This all sounds like very positive news for the world’s hungry and especially for the world’s providers of these commodities. But few people have projected much beyond 2050. Instead, we hear about an expanding market (the population and its demand for food), and when it comes to feeding that market, we only talk about growth, growth, and more growth. Every company is going to grow its market, grow its sales, grow its profits. Yet, when does this growth “hit the wall”? That is, when is the population so high, and the food production so great, that we simply cannot sustain growth any longer? Is it in 50 years, or 100 years, or 200 years? Because those times will come, and not that long from now. Actually, 500 years and 1,000 years from now will eventually arrive as well. What will the world population be then, and how will it be sustaining itself at that point? Will every farm and every food and food-related company STILL be in a “grow at all cost” mode of thinking?
As a brief, albeit simplistic example, the Chinese swine industry has grown tremendously in the last two decades. In 1975, annual pork consumption per person in China was <10 kg. Now, it is close to 40 kg per person per year, surpassing the US annual per capita rate of consumption. In 2014, ~700 million pigs were slaughtered in China, accounting for ~51% of all the pigs slaughtered in the world. The Chinese industry, although suffering a recent setback due to disease problems, looks to the future with nothing but optimism from a growth perspective, and with the population soon to reach 1.5 billion and per capita meat consumption continuing to increase, there is every reason to believe that growth in this sector will continue its upward trend.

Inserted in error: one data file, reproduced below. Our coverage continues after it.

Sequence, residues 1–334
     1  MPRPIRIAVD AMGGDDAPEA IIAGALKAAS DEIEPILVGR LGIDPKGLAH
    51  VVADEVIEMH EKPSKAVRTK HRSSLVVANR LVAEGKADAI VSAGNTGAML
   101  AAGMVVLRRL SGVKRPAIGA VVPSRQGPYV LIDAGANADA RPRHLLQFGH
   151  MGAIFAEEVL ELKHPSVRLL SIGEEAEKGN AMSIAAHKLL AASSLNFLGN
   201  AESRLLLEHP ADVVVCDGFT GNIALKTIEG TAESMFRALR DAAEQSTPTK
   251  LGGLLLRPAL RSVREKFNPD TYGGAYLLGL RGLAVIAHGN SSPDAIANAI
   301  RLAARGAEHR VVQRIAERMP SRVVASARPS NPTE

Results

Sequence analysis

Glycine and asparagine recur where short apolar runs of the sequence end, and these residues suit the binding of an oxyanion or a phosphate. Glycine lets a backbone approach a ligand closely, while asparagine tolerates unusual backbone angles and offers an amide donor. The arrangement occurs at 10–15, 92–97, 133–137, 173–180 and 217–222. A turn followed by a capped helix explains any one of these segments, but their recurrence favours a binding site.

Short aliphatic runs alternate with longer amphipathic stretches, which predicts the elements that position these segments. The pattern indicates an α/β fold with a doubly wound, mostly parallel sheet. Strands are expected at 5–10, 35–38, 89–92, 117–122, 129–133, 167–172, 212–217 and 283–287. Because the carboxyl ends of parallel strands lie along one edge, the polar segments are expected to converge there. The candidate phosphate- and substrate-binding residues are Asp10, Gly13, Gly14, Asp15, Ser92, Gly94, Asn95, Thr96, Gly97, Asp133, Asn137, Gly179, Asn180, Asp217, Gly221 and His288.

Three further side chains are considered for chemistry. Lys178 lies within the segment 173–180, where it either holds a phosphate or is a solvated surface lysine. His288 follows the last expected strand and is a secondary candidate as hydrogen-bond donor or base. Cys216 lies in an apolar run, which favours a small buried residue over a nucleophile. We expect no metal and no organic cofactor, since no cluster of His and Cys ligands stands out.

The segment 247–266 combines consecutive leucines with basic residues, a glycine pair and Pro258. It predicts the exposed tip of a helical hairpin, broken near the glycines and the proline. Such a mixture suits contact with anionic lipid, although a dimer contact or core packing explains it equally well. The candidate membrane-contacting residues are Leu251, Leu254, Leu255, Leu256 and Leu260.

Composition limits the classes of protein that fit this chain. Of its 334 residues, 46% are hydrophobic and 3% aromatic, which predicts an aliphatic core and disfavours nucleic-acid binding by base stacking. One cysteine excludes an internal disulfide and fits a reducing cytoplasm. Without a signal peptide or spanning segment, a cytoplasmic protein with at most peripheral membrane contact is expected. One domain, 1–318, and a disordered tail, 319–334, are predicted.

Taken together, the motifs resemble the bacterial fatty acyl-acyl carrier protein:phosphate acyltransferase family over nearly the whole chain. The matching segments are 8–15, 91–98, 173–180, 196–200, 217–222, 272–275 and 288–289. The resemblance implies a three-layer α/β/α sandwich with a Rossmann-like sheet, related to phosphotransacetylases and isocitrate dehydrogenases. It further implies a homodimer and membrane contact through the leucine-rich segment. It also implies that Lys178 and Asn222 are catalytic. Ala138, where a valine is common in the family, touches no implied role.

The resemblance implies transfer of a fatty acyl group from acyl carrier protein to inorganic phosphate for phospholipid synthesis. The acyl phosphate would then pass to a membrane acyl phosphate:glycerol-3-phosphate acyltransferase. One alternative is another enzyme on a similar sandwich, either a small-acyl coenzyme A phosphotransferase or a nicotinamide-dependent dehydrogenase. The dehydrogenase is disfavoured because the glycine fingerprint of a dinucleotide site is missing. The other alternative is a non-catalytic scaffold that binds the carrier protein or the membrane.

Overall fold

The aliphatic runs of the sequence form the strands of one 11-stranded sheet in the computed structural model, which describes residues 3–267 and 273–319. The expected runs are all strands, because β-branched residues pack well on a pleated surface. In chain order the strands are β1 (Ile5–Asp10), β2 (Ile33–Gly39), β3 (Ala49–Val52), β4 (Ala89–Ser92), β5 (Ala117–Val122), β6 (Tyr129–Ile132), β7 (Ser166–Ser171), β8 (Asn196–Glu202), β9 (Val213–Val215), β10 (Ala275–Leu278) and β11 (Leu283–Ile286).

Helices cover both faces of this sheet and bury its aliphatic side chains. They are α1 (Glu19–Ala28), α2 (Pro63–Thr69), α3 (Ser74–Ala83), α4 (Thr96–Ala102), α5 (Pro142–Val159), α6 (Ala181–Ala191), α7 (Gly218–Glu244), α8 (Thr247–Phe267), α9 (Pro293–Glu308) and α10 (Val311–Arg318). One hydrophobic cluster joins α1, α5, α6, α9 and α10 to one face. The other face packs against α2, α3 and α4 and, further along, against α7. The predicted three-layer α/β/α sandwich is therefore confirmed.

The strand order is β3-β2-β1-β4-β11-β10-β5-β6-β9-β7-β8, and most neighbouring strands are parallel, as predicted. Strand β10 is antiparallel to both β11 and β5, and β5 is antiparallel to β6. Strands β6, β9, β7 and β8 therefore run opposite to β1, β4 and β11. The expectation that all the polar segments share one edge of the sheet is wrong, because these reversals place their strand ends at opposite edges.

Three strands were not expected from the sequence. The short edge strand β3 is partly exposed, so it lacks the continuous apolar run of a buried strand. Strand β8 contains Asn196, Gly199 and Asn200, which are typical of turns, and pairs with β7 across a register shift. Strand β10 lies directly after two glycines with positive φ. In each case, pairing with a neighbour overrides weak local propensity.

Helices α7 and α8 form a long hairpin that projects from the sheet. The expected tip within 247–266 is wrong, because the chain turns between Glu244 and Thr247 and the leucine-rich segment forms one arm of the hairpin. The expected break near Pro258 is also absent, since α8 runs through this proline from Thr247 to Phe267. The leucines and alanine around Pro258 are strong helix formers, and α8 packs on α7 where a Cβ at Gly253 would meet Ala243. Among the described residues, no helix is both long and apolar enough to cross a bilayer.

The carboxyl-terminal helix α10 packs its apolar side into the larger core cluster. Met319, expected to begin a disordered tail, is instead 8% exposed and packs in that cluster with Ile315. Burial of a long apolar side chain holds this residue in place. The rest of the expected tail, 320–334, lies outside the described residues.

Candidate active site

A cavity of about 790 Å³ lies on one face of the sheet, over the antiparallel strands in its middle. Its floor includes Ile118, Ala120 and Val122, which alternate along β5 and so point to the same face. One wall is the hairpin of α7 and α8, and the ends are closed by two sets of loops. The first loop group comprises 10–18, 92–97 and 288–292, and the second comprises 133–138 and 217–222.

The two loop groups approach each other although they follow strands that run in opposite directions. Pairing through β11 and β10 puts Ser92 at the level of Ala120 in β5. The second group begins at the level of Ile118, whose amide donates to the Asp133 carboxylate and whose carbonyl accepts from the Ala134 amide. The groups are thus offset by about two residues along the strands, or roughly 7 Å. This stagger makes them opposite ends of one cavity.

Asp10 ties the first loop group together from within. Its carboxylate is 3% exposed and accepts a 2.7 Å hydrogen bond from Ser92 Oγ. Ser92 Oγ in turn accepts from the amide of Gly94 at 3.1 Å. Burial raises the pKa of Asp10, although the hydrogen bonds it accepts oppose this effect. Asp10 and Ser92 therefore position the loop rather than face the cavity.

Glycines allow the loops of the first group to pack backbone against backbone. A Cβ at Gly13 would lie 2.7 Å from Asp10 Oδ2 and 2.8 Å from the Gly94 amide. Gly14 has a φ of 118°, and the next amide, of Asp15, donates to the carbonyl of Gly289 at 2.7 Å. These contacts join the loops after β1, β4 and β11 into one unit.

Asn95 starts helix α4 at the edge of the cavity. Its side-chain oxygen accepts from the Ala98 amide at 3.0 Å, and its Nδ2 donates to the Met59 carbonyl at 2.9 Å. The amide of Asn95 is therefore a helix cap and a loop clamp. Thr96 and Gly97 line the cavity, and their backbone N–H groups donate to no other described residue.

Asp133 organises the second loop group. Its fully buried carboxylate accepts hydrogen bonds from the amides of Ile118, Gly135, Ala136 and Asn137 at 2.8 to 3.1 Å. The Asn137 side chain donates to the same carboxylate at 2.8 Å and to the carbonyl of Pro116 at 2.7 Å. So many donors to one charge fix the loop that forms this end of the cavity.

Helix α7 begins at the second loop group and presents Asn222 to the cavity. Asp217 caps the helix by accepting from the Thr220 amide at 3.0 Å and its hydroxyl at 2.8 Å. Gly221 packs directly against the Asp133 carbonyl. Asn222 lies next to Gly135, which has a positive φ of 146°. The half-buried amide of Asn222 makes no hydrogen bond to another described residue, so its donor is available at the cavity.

It’s easy to predict what this growth will look like in 2050, because on average, the Chinese swine industry has been expanding by 3-4% per year. This, of course, catches the eyes of the major world grain and oilseed producers, who see the opportunities that this will provide to expand soybean, corn, sorghum and barley exports to China. As well, animal feed additive and animal health companies have flocked to China, seeing the opportunities this expanding market offers for their products. But has anyone projected as to what the Chinese or the world swine industry would actually look like and require for grains and other feedstuffs to feed its animals in 100 years or 500 Years with even minimal continuous annual expansion (e.g., 1%)? Likely not, since we tend to think in terms of our lifetime and our comfort, notwithstanding platitudes about “future generations”.
If 2014 statistics are used, then 723 million pigs were slaughtered in China. That represented 51% of all pigs slaughtered in the world that year, or ~1.418 billion pigs. That’s a lot of pork. But remember, we are going to “feed the world” with our technology and that means putting more meat into more mouths, so we will use a conservative figure of 1% growth in swine production to account for greatly expanded world per capita meat consumption in the next 100 years, as well as continued population growth (we assume). Then the number of pigs that will be slaughtered in 2115 will be 3.835 billion. If the growth rate in the swine sector over that time period is actually 2%, then there will be 10.273 billion pigs to process. It may be a leap in reproductive faith to think that the human population will still be increasing in 500 years (if Homo sapiens still exists), but 1% continuous growth in the swine herd around the world for that length of time would mean that we would have 205.3 billion pigs to process in the year 2515.